A model of natural language is a collection of information that
approximates the statistics and structure of the language being modeled.
The purpose of the model may be to give insight into rules which govern
how text is generated, or to predict properties of future samples of
the language. This paper studies models of natural language from
three different, but related, viewpoints. First, we examine the
statistical regularities that are found empirically, based on the
natural units of words and letters. Second, we study theoretical
models of language, including simple random generative models of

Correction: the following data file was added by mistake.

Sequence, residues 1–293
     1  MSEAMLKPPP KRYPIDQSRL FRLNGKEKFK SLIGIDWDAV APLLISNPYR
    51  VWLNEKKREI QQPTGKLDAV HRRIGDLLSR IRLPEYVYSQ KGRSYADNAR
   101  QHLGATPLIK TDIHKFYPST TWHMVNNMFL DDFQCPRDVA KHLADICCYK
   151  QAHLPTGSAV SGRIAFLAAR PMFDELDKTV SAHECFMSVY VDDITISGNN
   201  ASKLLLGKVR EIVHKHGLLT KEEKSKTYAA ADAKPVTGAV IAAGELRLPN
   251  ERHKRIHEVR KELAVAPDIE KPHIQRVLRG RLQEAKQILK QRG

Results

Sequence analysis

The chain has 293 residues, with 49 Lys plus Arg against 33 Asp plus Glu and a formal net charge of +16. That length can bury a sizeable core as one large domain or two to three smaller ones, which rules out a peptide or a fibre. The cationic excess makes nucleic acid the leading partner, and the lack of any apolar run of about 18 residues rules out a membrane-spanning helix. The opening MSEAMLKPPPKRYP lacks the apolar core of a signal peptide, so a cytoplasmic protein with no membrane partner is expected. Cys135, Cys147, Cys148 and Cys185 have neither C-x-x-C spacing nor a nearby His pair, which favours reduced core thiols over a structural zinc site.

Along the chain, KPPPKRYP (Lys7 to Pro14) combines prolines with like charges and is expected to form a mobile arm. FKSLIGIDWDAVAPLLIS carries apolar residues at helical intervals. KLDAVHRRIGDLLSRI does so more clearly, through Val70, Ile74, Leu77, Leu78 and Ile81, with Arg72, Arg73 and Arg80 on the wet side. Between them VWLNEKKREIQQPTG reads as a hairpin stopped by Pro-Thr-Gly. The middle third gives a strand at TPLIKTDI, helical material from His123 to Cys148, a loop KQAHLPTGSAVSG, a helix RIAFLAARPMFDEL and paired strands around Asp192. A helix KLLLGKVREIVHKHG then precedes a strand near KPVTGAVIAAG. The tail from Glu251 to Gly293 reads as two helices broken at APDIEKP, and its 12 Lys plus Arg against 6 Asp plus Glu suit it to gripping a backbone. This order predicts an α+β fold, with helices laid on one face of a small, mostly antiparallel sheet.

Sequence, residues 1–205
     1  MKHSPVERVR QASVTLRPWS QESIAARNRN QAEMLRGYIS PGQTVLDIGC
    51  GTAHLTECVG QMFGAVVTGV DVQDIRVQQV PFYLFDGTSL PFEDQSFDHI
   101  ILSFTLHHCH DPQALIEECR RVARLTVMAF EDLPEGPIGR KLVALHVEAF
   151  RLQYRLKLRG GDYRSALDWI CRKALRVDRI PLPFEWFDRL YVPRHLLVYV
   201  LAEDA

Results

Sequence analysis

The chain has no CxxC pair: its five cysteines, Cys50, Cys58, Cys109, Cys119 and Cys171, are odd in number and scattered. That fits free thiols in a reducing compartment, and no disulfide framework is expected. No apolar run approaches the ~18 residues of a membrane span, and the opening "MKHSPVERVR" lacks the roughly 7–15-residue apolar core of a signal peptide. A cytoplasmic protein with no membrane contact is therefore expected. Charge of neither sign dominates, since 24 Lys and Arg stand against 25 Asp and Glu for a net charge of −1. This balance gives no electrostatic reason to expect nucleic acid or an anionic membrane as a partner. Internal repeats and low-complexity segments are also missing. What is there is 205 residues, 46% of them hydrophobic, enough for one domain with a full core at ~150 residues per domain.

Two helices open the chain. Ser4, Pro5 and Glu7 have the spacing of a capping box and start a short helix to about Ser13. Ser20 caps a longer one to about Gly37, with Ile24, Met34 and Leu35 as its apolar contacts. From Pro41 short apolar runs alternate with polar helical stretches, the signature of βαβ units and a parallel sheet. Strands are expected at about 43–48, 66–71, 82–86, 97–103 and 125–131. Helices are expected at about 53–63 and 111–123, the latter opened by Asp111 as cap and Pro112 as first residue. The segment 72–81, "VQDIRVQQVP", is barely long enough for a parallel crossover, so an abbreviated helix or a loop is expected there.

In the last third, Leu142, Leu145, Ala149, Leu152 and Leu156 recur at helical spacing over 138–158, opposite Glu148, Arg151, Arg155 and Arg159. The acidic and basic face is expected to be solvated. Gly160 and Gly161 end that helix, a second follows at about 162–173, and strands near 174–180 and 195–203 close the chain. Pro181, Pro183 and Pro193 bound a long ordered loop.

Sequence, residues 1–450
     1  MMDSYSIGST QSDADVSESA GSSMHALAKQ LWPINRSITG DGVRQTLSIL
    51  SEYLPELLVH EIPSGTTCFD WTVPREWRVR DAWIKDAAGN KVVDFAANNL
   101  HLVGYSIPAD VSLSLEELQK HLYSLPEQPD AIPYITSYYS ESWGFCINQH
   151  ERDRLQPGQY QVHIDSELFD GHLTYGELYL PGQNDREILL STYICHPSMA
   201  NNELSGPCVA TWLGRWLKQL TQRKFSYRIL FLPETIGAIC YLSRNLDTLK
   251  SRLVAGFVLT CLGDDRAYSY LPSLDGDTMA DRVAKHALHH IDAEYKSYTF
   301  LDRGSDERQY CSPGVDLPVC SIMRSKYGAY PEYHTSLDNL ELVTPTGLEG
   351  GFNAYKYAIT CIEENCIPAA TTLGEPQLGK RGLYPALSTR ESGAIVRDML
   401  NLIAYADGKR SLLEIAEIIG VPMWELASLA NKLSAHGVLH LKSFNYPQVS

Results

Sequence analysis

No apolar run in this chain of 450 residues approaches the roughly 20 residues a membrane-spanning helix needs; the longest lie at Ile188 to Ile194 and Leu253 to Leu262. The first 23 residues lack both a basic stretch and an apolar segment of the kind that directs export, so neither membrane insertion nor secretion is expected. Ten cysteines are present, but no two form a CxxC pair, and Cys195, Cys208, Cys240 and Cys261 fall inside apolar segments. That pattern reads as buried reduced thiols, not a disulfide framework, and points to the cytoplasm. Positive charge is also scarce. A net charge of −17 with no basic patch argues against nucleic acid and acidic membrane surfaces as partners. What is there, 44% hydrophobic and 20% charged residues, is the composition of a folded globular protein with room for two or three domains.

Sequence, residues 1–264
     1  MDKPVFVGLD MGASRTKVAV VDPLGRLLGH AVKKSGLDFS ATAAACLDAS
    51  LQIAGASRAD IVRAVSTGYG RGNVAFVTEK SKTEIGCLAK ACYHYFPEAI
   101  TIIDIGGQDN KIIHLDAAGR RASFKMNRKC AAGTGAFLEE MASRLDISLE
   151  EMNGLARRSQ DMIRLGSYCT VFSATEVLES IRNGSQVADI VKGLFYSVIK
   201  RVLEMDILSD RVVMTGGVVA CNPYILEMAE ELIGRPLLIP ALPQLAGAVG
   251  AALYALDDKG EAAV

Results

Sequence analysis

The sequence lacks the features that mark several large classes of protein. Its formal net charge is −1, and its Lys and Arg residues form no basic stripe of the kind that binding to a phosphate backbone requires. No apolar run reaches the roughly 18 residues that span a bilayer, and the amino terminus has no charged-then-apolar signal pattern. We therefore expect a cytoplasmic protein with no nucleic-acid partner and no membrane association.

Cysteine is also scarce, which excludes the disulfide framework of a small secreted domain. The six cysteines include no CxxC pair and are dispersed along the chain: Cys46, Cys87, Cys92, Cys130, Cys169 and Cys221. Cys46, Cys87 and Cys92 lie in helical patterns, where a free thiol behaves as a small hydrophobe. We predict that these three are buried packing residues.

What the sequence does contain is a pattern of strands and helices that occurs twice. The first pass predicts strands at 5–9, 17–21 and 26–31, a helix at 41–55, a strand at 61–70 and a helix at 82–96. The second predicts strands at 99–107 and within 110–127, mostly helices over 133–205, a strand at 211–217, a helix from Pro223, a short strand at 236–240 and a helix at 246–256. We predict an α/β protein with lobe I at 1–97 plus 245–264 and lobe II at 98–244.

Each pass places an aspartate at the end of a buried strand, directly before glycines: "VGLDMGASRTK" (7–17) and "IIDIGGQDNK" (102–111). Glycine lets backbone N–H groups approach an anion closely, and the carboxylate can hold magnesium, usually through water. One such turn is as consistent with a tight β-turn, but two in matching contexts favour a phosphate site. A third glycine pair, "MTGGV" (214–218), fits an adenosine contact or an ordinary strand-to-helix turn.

letters and words whose output, like genuine natural language, obeys
Zipf's law. Innovation in text is also considered by modeling the
appearance of previously unseen words as a Poisson process.
Finally, we review experiments that estimate the information content
inherent in natural text.
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